Advertising and marketing

The AVA introduces specific offences with respect to the advertising and marketing of self-driving cars. 

  • Use of restricted terms for road vehicles and vehicle equipment: The AVA introduces certain “restricted” words, expressions and symbols that can only be used in relation to an “authorised” AV. This list will be published by the government and updated regularly to incorporate other terms that may become commonly used to describe automated vehicles. 
  • Communications likely to confuse: Using communications that are likely to confuse consumers about whether or not a vehicle is an “authorised” AV will result in an offence under the AVA. 

The offences can result in fines, imprisonment and in case of serious breaches, criminal liability for corporate officers.

Final thoughts

The AVA is an exciting step forward for automotive technology in the UK. There is, of course, a way to go yet – almost all of its provisions need to be brought into force by secondary legislation. The previous government stated its intention to consult through to 2025 with the regulations being laid in 2025 to 2026; it remains to be seen how the change in government might impact what is already a tight timetable.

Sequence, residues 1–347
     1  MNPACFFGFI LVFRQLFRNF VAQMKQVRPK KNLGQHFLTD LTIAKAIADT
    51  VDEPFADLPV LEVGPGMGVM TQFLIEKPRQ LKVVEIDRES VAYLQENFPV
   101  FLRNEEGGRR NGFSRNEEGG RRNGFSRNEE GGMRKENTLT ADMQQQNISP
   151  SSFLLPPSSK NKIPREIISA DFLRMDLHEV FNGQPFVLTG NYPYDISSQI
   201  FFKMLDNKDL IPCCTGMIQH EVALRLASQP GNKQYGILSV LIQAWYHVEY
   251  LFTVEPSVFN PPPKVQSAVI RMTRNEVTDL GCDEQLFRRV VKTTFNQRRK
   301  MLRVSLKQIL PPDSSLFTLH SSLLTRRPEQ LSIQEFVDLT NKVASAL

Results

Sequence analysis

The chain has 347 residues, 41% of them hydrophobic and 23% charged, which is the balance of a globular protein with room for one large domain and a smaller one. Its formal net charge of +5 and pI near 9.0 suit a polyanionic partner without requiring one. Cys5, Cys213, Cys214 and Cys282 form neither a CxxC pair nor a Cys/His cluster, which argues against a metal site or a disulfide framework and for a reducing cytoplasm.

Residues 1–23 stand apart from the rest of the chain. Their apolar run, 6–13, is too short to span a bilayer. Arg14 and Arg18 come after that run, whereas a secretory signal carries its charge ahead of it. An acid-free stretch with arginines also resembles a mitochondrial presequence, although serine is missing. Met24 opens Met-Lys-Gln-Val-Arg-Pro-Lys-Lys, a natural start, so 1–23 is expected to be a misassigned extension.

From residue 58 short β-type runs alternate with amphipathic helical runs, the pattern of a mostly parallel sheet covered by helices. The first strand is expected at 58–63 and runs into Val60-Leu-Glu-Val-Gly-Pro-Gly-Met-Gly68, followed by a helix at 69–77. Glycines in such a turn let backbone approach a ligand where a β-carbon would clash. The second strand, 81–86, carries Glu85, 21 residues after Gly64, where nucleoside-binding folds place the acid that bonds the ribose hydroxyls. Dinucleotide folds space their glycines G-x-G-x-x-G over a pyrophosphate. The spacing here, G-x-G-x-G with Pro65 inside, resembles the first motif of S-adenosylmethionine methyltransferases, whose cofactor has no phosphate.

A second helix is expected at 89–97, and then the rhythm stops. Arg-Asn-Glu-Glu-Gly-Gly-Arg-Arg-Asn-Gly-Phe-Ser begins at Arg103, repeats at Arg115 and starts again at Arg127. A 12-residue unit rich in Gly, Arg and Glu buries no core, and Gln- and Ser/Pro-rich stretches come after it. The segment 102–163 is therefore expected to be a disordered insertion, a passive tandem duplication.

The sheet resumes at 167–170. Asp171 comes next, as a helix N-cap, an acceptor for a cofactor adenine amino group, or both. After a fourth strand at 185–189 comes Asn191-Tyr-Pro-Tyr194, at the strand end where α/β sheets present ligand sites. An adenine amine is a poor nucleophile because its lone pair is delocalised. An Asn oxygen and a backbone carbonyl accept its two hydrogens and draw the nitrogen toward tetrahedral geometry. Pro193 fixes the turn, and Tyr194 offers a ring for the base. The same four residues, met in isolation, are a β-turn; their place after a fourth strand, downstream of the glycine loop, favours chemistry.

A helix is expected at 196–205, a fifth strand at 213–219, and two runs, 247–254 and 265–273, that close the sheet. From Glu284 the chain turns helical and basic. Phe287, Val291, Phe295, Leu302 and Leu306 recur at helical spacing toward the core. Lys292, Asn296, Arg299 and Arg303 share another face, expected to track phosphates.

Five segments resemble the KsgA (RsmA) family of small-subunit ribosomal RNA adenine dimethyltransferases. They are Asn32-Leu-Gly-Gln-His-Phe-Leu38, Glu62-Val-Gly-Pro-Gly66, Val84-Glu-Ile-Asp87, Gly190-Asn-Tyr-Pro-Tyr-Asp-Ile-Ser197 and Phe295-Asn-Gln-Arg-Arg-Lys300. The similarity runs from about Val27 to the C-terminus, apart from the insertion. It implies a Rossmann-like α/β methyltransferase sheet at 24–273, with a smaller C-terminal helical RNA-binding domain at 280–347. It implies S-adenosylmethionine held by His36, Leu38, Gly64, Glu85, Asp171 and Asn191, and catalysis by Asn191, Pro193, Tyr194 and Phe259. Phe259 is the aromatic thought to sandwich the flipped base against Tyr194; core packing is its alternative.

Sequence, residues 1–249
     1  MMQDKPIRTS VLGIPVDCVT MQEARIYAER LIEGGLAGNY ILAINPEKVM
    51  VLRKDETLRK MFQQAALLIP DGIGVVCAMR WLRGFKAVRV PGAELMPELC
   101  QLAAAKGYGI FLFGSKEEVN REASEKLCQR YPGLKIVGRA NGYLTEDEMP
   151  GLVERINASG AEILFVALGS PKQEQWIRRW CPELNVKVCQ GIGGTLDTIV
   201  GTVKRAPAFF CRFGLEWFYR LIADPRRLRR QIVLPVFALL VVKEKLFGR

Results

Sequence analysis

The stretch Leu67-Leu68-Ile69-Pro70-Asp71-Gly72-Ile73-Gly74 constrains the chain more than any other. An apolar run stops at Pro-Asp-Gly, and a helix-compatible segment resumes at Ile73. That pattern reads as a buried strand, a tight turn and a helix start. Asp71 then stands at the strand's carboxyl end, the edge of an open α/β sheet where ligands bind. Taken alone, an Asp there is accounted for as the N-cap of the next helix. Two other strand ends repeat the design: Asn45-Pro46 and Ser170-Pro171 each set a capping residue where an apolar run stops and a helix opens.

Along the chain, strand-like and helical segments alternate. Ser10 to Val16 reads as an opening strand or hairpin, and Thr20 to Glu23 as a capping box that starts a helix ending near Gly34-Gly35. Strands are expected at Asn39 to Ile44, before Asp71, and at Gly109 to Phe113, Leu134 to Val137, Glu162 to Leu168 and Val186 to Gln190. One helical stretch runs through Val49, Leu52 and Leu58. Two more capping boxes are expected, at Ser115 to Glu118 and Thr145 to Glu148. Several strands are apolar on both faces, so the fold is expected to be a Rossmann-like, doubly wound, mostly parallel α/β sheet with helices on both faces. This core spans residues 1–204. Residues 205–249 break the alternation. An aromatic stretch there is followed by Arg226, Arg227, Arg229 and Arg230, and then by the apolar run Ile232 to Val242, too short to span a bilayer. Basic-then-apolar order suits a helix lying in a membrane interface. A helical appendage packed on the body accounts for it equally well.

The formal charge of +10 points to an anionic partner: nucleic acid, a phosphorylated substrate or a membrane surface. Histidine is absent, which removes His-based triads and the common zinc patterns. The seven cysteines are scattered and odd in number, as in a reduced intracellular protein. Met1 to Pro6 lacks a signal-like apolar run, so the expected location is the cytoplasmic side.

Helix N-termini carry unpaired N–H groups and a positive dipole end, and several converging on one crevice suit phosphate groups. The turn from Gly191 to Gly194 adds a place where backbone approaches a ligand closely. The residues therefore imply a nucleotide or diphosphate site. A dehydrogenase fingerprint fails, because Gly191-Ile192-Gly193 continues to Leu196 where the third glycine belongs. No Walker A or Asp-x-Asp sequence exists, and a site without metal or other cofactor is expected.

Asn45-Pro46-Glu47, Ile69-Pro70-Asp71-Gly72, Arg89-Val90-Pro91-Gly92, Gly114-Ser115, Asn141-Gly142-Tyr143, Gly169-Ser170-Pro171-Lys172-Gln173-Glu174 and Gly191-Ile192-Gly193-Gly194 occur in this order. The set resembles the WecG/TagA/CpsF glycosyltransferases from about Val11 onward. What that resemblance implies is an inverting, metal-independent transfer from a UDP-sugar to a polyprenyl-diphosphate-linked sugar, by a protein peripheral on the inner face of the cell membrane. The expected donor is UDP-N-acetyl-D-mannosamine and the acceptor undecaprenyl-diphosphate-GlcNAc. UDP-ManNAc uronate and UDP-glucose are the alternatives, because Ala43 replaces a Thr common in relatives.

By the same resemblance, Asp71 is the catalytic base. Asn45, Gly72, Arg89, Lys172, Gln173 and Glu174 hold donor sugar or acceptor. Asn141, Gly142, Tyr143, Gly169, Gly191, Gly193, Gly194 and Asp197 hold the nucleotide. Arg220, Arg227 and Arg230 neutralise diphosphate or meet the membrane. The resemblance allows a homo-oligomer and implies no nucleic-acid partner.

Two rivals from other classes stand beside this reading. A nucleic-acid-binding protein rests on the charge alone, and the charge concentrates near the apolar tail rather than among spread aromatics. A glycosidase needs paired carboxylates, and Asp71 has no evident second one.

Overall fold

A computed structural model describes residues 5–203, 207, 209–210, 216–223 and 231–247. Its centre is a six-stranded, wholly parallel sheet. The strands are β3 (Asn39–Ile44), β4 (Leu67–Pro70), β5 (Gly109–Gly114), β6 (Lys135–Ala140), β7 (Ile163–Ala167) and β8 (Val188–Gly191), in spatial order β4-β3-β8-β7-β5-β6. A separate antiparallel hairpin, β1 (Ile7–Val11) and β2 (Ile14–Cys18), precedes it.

It will also be interesting to see how the supply chain adapts to accommodate the liability imposed on the ASDE, and whether this results in the consumer picking up the tab. Electric vehicle sales have stalled slightly in recent years, due partly to the cost/benefit not stacking up (as well as charging infrastructure concerns). Assuming most AV technology is going to be incorporated into electric vehicles, the ASDE categorisation might present another cost hurdle to the sale of electric vehicles, but no doubt this challenge can be overcome in the longer term as the tipping point to electric cars is reached. 

If you have any questions about the AVA, please get in touch with a member of our team.